1. Expert Q&A: Protecting a person with dementia from financial abuse - Weds 26 June, 3:30-4:30 pm

    Financial abuse can have serious consequences for a person with dementia. Find out how to protect a person with dementia from financial abuse.

    Sam, our Knowledge Officer (Legal and Welfare Rights) is our expert on this topic. She will be here to answer your questions on Wednesday 26 June between 3:30 - 4:30 pm.

    You can either post questions >here< or email them to us at talkingpoint@alzheimers.org.uk and we'll answer as many as we can on the day.

What do we tell the kids?

Discussion in 'I care for a person with dementia' started by littlemisssun, Jan 30, 2015.

  1. littlemisssun

    littlemisssun Registered User

    Nov 2, 2014
    13
    Hi there,

    Will be seeing my mil in a couple of weeks and wondering what to tell my bright boys, if anything, before we see her. We haven't seen mil for a year, I am expecting to see a deterioration in conversation and concerned about her being overemotional. Apparently she talks about the dementia a lot, I am not sure what is appropriate for the kids, do I divert and distract if possible if I am not happy about the conversation? She is not at a stage so far as I am aware that she is not in control of what she is saying( apart from word confusion etc) but low and everything centres around her thoughts and beliefs. Thanks.
     
  2. Grannie G

    Grannie G Volunteer Moderator

    Apr 3, 2006
    68,680
    Kent
    Hello littlemisssun

    I`d be honest with them and give them some preparation . It`s much better than seeing them shocked and also allowing your mil to see shock on their faces.

    You could say you don`t really know how she will be but you do expect to see a change in her.
     
  3. Wendy7713

    Wendy7713 Registered User

    Aug 18, 2014
    11
    Depends how old they are? I was diagnosed last year, aged 58 and telling family and friends was really hard, but the hardest is when people ignore you because they don't know what to say or are embarrassed so be open and honest. I'm sure if you look in the Alzheimers books on their web site there will be ones for children. Children often say just the right things and are much better at this than adults:)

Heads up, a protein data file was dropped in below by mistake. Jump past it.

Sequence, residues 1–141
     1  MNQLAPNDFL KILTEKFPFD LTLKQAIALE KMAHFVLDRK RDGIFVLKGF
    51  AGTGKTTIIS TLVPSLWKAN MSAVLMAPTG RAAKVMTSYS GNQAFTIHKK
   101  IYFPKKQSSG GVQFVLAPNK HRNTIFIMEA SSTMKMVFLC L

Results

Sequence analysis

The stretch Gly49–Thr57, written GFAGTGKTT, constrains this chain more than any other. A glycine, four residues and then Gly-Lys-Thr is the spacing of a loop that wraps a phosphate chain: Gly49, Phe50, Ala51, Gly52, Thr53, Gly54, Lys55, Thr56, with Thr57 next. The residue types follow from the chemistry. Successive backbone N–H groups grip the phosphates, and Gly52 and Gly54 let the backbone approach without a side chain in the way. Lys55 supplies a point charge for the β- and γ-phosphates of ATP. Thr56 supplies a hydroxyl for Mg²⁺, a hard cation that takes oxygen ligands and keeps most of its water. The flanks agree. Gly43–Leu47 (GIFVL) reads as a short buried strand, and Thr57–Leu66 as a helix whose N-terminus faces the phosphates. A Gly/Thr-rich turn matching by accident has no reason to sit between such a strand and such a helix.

4. marionq

    marionq Registered User

    Apr 24, 2013
    5,566
    Female
    Scotland
    Children are almost always smarter than you expect but they are not little adults. They approach things from a different viewpoint. Honesty is the best policy but keeping in mind not to burden them with stuff they don't need to know just yet. They don't need to worry about the future but they do need to know how to deal with things as they are at present. So tell it how it is as you believe it to be.
     
  5. Pete R

    Pete R Registered User

    Jul 26, 2014
    2,046
    Staffs
    If you have a rough idea of what MiL is going to be like then have a look on you tube, find something similar and talk them through it whilst watching.

    Good luck.:)
     
  6. henfenywfach

    henfenywfach Registered User

    May 23, 2013
    333
    rct
    Hi we often try and shelter them bit the reality is they cope and accept things better than we do..there is information especially for children written by the alzheimers society..it might help...

    You know them best and how theyll react..i suppose the ultimate would be not recognising them!..

    My little cousin always took my aunt at face value..wasnt even afraid..actually the children were therapy and a huge comfort to her..there were questions why does she do this and whats wrong etc..

    Just be prepared with a reason or distraction...should you need to react quickly....

    Only yesterday i saw an elderly gent react to a baby and it was amazing...almost therapeutic...such a pleasure to see.

    i hope it goes well..and there are more positives than negatives
    Best wishes

    Sent from my GT-I9505 using Talking Point mobile app
     
  7. littlemisssun

    littlemisssun Registered User

    Nov 2, 2014
    13
    Thank you all, that is reassuring and along the lines of what I am thinking. My boys are 10 and 12, I want to avoid comments like " You have already said that Grandma" on one hand whilst hoping they won't have to experience too much of topics that they don't need to know about. I will have a look at the website, then chat to my husband( who I also feel may be in for a shock). Thanks...
     
  8. Linbrusco

    Linbrusco Registered User

    Mar 4, 2013
    1,539
    Female
    Auckland...... New Zealand
    You can only but tell them the truth, on an age appropriate level but without going into too much detail.
    Something along the lines that their grandmother is not well, and her brain doesn't quite work and think the same as it used to and her memory is very poorly.